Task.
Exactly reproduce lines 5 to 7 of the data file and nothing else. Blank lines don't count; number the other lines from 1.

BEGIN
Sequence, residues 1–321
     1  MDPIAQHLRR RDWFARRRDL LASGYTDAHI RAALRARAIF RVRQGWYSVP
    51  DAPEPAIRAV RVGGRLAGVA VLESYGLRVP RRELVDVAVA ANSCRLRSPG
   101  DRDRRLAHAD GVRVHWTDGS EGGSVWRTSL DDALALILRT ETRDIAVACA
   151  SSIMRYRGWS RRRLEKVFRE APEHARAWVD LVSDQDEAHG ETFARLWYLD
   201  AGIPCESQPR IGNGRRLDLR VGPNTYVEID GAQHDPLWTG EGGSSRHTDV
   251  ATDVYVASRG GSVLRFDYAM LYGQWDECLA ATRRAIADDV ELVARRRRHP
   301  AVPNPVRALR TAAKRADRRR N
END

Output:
   151  SSIMRYRGWS RRRLEKVFRE APEHARAWVD LVSDQDEAHG ETFARLWYLD
   201  AGIPCESQPR IGNGRRLDLR VGPNTYVEID GAQHDPLWTG EGGSSRHTDV
   251  ATDVYVASRG GSVLRFDYAM LYGQWDECLA ATRRAIADDV ELVARRRRHP